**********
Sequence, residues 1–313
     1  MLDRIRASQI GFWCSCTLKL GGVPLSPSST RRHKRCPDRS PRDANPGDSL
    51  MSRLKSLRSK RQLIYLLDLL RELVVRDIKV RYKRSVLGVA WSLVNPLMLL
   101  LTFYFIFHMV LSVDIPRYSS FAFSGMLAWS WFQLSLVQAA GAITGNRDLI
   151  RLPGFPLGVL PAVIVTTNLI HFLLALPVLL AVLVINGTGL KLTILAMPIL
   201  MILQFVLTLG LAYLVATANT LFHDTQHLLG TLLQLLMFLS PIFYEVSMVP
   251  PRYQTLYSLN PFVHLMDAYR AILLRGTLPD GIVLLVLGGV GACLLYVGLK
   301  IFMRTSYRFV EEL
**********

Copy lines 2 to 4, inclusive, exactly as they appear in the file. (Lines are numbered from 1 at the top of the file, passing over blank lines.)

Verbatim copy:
     1  MLDRIRASQI GFWCSCTLKL GGVPLSPSST RRHKRCPDRS PRDANPGDSL
    51  MSRLKSLRSK RQLIYLLDLL RELVVRDIKV RYKRSVLGVA WSLVNPLMLL
   101  LTFYFIFHMV LSVDIPRYSS FAFSGMLAWS WFQLSLVQAA GAITGNRDLI